mass of testimony, and however consistent and reconcilable the testimony may be in this case, it may be very different in future causes coming up from the same quarter and by means of the same process.
The difficulty is to decide under what character we shall consider the present reference to the revising power of this Court. If treated strictly as a writ of error, it is certainly not an attribute of that writ, according to common law doctrine, to submit the testimony as well as the law of the case to the revision of this Court, and then there is no mode in which we could treat the case but in the nature of a bill of exceptions -- that is, to confine ourselves entirely to the question, whether, giving the utmost force to the testimony in favor of the party in possession of the judgment below, he was legally entitled to a judgment. But this would often lead this Court to decide upon a case widely different from that acted upon in the court below. There may be conflicting testimony and questions of credibility in the cause which this Court would be compelled to pass by. This would be increasing appellate jurisdiction on principles very different from the received opinions and judicial habits of that state and, it has been argued, equally inconsistent with the rights extended to them by Congress.
We feel no difficulty from the bearing of the Seventh Amendment of the Constitution in this case, because if this be a suit at common law in the sense of the amendment, the object was to secure a right to the individual, and that right has been tendered to him and declined. The words of the amendment are, "The right to the trial by jury shall be preserved." Nor are we at liberty to treat this as an appeal in a cause of equity jurisdiction under the act of 1803, because the party has not brought up his cause by appeal, but by writ of error.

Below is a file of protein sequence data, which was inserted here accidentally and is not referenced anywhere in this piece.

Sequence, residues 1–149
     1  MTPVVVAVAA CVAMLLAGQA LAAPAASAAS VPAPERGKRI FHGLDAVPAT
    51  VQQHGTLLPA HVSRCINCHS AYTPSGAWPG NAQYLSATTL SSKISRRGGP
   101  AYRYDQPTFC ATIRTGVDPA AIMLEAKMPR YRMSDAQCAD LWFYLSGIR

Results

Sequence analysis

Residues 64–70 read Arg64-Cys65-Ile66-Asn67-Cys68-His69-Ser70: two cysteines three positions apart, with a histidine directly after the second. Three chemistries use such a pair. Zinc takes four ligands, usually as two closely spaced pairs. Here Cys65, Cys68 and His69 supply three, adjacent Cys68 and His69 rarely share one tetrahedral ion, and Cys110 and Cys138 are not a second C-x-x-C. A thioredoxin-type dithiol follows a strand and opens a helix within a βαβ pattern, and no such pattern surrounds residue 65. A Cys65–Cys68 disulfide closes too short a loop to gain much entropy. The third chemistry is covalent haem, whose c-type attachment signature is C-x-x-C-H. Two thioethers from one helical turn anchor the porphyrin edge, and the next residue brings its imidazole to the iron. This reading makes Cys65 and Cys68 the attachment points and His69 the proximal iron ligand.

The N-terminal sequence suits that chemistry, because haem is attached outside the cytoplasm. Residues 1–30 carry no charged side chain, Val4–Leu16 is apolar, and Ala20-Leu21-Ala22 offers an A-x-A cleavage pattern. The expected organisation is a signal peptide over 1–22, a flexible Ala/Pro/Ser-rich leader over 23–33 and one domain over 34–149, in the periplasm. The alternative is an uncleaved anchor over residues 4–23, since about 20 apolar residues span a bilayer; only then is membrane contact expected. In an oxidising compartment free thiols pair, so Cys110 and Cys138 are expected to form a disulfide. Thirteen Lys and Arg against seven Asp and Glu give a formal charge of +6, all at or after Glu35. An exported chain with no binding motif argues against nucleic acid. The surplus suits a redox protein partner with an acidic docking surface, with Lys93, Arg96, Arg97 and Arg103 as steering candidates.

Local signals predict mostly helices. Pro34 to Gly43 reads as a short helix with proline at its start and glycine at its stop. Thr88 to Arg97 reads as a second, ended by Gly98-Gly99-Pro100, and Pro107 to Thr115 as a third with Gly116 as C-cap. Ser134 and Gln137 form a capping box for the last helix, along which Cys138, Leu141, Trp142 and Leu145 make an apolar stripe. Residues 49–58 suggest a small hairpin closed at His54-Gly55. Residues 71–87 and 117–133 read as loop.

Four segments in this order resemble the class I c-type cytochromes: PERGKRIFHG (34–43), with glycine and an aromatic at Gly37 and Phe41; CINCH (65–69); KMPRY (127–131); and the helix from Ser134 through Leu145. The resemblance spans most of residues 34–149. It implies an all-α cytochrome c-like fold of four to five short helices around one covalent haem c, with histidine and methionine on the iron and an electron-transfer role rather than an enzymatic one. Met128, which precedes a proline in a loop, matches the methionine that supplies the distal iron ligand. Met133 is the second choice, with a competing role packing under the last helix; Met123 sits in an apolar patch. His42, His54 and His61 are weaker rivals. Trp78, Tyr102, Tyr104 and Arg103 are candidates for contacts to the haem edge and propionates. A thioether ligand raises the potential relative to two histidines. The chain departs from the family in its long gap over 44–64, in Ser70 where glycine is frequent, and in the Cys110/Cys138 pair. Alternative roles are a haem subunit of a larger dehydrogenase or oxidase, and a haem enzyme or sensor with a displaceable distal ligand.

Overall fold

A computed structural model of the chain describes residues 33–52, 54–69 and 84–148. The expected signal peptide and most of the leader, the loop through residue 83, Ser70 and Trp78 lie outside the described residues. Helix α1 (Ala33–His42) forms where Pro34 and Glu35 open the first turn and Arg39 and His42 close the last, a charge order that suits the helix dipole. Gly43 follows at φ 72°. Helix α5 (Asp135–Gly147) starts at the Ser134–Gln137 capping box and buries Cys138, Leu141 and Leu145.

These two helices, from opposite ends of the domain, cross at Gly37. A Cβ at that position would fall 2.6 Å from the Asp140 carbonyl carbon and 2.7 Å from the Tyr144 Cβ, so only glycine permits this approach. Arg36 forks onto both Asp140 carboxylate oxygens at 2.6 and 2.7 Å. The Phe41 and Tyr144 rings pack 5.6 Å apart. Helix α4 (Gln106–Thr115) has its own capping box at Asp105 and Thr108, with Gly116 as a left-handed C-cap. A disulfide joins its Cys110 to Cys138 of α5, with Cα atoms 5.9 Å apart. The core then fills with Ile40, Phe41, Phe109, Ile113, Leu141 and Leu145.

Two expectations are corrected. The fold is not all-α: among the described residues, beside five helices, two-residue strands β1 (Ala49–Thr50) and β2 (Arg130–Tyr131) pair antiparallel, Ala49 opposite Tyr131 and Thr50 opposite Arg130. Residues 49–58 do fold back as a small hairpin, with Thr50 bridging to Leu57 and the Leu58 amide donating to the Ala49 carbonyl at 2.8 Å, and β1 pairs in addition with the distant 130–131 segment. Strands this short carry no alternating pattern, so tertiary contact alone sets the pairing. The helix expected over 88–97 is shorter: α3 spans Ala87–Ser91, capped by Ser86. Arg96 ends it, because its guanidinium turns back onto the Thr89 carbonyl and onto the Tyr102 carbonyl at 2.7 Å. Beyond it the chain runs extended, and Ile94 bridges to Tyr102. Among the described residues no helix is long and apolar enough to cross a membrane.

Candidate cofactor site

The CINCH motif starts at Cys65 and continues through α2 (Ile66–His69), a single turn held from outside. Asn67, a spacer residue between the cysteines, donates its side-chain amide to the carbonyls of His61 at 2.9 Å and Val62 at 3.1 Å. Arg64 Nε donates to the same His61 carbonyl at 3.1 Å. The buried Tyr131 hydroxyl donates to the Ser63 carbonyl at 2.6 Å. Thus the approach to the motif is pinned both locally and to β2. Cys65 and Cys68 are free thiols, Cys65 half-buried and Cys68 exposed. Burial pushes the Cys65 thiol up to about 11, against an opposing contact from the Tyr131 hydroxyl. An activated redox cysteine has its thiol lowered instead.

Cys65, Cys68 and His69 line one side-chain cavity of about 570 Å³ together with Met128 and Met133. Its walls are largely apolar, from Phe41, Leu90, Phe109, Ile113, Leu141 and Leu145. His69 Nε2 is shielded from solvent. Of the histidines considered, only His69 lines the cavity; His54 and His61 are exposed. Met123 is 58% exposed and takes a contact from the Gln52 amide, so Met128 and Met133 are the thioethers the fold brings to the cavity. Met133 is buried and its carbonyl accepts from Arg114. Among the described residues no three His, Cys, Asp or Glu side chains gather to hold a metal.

The present case is one which may be treated as a bill of exceptions, or a case submitted, since, giving the utmost force to the testimony in favor of Armor, we are of opinion that the judgment must be reversed. We shall proceed, therefore, to examine the merits upon that principle
without committing ourselves either upon the extent of the appellate power of this Court over that of Louisiana or the appropriate means of exercising it.
The merits of this case may be comprised within the following state of facts:
Parsons was a merchant and considerable ship owner established in Boston and in the habit of trading to New Orleans. Eben Fiske was a commission merchant established in New Orleans with whom Parsons opened a correspondence on 1 October, 1821, with a commission to call upon his previous correspondents, W. and N. Wyer, for a balance supposed to be in their hands. The transactions in the course of which the purchase was made which constitutes the present cause of action commenced with the letter of 19 October, 1821, the tenor of which furnishes the true exposition of the nature and extent of the mandatory power under which Fiske acted for Parsons. The material passages are these: